> >> > >
> >> > >Screen reader tips for Web Designers and Developers
> >> > >http://davidakennedy.com/2014/11/10/screen-reader-tips/
> >> > >
> >> > >webaim Testing with Screen Readers - Questions and Answers
> >> > >http://webaim.org/articles/screenreader_testing/
> >> > >
> >> > >> >> > >> >> > >archives at http://webaim.org/discussion/archives
> >> > >> >> > >> >> > >> >> > >archives at http://webaim.org/discussion/archives
> >> > >> >> > >
> >> > >> >> > >> >> > >archives at http://webaim.org/discussion/archives
> >> > >> >> >
> >> > > >> > > >> archives at http://webaim.org/discussion/archives
> >> > > >> > > >> > > >> > > >> > > >> > >> > >> > >> > >>
> >
>
> > > > >

From: Joseph Sherman
Date: Tue, Jul 28 2015 7:36AM
Subject: Re: Screen Readers as a Development Tool for Web Developers
← Previous message | Next message →

Hi Sean. Let me start by saying I do not use JAWS trial. However, I think there are two different issues. The trial version of JAWS is fully functional for the 40 minute time limit, so when you say “nothing was getting announced”, that is not related to the trail version. The blog post you link to below refers to the terms of the JAWS EULA, which states that the trial version cannot be used for web testing. It is a licensing restriction, not a product feature restriction.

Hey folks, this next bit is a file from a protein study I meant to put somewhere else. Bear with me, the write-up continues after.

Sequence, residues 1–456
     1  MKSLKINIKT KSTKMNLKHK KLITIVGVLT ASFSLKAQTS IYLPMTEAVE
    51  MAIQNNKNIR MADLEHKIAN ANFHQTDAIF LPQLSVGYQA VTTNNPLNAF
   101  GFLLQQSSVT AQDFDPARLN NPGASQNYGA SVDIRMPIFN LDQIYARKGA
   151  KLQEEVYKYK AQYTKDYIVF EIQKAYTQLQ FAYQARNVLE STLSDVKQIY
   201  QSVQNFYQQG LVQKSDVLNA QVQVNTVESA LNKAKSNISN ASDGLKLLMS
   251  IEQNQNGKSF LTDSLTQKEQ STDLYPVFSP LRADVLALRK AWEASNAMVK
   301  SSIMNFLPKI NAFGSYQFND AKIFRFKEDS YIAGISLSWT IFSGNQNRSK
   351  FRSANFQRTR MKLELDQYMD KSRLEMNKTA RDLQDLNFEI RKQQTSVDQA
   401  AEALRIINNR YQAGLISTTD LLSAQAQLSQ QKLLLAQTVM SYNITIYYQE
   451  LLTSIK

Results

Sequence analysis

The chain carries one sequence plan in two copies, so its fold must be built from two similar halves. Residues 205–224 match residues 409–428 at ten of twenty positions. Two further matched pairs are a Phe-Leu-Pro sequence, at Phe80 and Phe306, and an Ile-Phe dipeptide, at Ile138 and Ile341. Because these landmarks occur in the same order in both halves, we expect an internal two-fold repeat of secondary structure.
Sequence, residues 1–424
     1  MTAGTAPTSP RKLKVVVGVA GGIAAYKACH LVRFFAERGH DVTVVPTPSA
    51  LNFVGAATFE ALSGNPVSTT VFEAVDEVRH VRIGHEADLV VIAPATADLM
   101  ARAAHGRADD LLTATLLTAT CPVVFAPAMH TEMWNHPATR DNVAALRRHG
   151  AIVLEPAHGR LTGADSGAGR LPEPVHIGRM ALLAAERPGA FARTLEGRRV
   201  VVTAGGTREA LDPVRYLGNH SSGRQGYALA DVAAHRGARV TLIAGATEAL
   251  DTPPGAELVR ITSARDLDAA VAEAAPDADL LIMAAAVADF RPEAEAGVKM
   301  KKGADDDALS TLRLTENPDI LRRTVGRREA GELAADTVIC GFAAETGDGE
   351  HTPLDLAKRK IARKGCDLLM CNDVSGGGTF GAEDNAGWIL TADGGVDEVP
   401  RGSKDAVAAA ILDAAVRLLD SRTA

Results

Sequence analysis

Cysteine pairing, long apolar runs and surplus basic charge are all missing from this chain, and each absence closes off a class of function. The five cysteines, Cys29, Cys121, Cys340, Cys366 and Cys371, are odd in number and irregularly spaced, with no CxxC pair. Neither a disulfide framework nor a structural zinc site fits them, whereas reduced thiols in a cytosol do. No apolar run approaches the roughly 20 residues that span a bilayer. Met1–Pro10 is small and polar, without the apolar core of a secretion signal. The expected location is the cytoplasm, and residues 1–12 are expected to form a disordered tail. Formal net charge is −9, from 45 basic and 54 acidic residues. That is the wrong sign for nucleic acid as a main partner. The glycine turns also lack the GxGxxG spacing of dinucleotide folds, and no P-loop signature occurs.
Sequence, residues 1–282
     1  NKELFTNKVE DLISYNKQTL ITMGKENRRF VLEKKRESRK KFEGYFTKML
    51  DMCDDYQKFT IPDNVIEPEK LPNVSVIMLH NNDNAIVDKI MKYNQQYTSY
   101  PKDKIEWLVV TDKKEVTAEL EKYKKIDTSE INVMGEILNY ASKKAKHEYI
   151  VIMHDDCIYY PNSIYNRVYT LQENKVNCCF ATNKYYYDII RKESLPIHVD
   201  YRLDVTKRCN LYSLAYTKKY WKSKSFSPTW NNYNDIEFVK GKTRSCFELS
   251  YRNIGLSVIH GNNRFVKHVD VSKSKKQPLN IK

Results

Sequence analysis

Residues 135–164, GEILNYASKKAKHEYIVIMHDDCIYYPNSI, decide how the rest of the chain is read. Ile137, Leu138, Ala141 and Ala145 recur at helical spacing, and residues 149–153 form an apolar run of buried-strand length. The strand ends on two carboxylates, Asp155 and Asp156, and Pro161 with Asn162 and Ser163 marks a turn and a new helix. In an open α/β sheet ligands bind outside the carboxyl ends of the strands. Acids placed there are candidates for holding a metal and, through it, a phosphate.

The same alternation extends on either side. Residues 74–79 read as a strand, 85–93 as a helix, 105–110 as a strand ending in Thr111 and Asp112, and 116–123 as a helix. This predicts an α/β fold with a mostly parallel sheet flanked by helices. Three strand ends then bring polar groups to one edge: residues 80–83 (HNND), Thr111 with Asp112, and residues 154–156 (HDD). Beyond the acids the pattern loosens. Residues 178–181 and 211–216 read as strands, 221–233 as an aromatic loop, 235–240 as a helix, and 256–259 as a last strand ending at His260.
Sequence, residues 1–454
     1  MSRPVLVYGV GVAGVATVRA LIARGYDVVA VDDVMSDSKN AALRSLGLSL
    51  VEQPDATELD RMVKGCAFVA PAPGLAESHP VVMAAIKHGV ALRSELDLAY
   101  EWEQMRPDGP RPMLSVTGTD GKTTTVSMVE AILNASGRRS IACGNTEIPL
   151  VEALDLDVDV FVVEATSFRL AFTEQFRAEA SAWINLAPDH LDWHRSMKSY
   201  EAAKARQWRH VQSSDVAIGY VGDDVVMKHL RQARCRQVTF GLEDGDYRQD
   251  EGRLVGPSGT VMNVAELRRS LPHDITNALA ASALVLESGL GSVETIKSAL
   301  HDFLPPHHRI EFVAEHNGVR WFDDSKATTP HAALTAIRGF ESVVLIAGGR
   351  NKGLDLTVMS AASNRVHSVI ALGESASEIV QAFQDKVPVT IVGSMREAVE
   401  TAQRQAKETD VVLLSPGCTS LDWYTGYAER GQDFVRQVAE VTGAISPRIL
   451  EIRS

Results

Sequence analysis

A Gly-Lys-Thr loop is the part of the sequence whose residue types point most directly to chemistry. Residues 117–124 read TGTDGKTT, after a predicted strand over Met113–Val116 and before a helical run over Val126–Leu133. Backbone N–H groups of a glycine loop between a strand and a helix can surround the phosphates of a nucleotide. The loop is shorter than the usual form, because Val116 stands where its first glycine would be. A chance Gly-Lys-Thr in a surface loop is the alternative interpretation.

Also note that NVDA is a free, open source screen reader that can be used for testing.





Joseph





-----Original Message-----
From: WebAIM-Forum [mailto: = EMAIL ADDRESS REMOVED = ] On Behalf Of Sean Curtis
Sent: Monday, July 27, 2015 10:09 PM
To: WebAIM Discussion List
Subject: Re: [WebAIM] Screen Readers as a Development Tool for Web Developers



As a developer doing quite a lot of cross browser and cross AT testing of web components, it was quite frustrating to find that the trial version of JAWS does not allow you to test web pages ( http://webaim.org/blog/jaws-license-not-developer-friendly/). I wish I'd read that before wasting an hour trying to work out what I'd done wrong when setting it up and nothing was getting announced.